Bowfinger

Bowfinger

Steve Martin has to eat, so every couple of years he lends his face (and not much else) to a Sgt. Bilko or an Out-of-Towners. Those aren’t real Steve Martin films; the genuine articles are the ones he writes himself. Martin had a hand in writing some of his earlier comedies, but it wasn’t until Roxanne in 1987 that he sat down and hammered out a script on his own; the result was a graceful promotion, a step up from slapstick to more subtle and character-driven comedy. (In essence, as a writer-actor, Martin is like Albert Brooks without the self-loathing.) His subsequent scripts, most notably L.A. Story, have been fine enough to make many of us wish Martin would type “Fade in” and “Fade out” more often.

Bowfinger, which Martin wrote, finds him in ideal circumstances. He’s working with Frank Oz (Little Shop of Horrors, Dirty Rotten Scoundrels), the only director aside from Carl Reiner who really knows what to do with Martin. He’s surrounded by a dependable comic ensemble of familiar and unfamiliar faces. He’s tackling the subject of moviemaking, always fertile soil for farce. And he’s working with Eddie Murphy (in not one but two roles), a historic pairing that’s all the more satisfying for being in a good movie. (Sgt. Bilko united Martin and Dan Aykroyd for the first time on the big screen, but blew it.)

Except for a few frantic moments, the character Martin has written for himself — Bobby Bowfinger, ambitious and luckless movie producer — is almost a straight man. Bowfinger has gotten his hands on an action script — Chubby Rain, a nonsensical alien-attack thing that he thinks is perfect for Hollywood’s reigning star, Kit Ramsey (Murphy). Problem is, a star of Kit’s magnitude wouldn’t piss on Bowfinger if he were on fire. So Bowfinger devises a sneak-attack strategy — guerrilla filmmaking as a covert operation. He’ll shoot the movie around Kit, catching footage of a baffled Kit interacting with the movie’s cast, and use a dorky lookalike — Jiff, also played by Murphy — as a stand-in.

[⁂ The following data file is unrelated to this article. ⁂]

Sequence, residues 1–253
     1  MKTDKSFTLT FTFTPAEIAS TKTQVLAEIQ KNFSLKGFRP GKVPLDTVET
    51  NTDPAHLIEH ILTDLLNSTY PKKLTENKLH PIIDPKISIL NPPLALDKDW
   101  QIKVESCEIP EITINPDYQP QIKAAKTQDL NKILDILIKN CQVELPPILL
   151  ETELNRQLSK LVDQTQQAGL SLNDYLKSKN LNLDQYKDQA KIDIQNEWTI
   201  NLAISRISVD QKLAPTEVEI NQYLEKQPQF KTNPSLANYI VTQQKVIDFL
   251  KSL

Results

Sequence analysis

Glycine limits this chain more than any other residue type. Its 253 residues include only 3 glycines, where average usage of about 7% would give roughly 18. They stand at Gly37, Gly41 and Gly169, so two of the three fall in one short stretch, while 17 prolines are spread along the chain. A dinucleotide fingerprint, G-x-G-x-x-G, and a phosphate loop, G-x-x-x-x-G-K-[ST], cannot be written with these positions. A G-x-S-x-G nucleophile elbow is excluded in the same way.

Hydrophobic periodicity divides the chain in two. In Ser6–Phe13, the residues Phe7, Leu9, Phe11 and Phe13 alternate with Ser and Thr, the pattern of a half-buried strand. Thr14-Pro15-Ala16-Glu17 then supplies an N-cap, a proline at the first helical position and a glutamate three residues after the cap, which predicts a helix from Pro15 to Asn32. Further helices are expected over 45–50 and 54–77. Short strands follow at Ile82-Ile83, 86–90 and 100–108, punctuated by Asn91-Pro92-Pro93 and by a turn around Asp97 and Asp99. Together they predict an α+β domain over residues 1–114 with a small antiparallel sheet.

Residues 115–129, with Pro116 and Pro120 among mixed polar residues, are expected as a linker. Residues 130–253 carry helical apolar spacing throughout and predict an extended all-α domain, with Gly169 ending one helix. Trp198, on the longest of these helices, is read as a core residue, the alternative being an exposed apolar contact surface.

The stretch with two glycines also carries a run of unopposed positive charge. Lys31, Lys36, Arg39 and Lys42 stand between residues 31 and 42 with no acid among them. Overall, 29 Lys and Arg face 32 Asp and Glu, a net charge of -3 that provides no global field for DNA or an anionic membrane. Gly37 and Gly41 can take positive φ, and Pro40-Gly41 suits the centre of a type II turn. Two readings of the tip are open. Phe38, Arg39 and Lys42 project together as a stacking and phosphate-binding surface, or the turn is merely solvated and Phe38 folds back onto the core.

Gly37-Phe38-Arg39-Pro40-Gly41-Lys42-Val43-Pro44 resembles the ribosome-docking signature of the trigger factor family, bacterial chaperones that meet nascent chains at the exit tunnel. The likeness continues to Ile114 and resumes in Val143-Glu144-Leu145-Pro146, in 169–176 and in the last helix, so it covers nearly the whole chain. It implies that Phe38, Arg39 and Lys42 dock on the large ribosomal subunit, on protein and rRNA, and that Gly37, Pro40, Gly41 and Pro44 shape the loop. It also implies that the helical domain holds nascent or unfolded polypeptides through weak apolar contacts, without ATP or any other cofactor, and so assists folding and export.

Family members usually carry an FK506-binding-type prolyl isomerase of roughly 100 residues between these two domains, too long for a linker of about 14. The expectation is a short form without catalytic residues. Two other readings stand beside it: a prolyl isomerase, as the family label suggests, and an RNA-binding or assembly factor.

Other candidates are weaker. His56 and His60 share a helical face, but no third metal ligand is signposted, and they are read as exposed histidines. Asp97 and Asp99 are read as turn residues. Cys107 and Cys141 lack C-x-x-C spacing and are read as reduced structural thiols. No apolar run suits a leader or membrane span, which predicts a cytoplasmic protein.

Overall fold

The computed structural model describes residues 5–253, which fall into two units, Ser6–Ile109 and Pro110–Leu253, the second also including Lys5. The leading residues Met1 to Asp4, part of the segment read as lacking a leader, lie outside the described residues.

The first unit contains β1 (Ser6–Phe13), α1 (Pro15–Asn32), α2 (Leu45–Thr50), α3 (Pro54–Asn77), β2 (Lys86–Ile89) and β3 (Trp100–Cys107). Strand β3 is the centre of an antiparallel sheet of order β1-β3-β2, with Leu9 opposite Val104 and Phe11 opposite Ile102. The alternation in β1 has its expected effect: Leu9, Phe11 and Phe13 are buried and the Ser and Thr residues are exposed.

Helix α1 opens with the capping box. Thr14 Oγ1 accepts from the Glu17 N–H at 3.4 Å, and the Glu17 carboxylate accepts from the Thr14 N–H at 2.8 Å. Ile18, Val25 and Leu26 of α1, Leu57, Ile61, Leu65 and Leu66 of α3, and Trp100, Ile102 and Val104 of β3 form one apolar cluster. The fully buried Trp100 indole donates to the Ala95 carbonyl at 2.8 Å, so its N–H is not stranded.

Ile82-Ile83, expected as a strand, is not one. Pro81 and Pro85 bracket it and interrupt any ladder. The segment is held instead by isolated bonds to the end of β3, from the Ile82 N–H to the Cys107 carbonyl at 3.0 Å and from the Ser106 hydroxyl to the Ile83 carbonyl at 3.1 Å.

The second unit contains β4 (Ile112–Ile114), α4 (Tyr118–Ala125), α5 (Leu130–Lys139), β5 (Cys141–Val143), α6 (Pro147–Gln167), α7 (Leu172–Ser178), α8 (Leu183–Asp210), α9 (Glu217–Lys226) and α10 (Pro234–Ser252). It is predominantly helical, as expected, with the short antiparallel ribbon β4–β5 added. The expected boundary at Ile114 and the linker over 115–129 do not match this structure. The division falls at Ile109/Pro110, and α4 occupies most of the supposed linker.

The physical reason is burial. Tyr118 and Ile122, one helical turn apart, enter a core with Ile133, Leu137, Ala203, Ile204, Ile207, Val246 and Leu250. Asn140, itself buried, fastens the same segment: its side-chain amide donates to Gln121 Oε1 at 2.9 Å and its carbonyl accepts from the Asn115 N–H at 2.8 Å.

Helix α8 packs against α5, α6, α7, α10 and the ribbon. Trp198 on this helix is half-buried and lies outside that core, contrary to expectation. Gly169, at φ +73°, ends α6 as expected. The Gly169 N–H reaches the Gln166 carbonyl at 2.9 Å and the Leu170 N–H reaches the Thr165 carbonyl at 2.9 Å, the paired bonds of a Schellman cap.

Martin and Aykroyd looked ill at ease together in Sgt. Bilko. Trapped inside the idiot plot, they knew they were better than the material. By contrast, Martin and Murphy seem absolutely natural together. Mostly, the team-up is Bowfinger and Jiff (the producer has limited access to Kit), and Jiff brings out a weird gentleness in both Murphy and Martin. Bowfinger doesn’t have tons of big laughs (though it does offer a few); it has a lot of soft, affectionate laughs rooted in the way the characters interact. Heather Graham, for instance, drops into the movie as an eager ingenue who’s more than meets the eye, and Martin and the other actors work with her so comfortably that she gives perhaps the first good performance I’ve seen from her.

Bowfinger isn’t really about making movies. It’s about being in the movie business — finding a home there. Bowfinger doesn’t want to make movies; he wants to have made them, and he wants the status of getting big stars to be in his movies. For Martin, Bowfinger is the essence of Hollywood, which cares more about making deals than making movies. A low-budget outsider like Bowfinger should be concentrating on pulling together small projects within his means; instead, he’s shooting for an alien epic starring the world’s biggest action hero, on the kingly budget of $2,184. Bowfinger is a showcase for wit, and it’s a testament to Martin’s literary skills that he’s incapable of writing a bad script, even on purpose: Even the forlorn Chubby Rain, with its surreal scenes of cops melting and high-heeled women intoning “You prefer alien love!”, looks more interesting than most of the Kit Ramsey-type stuff we get every summer.

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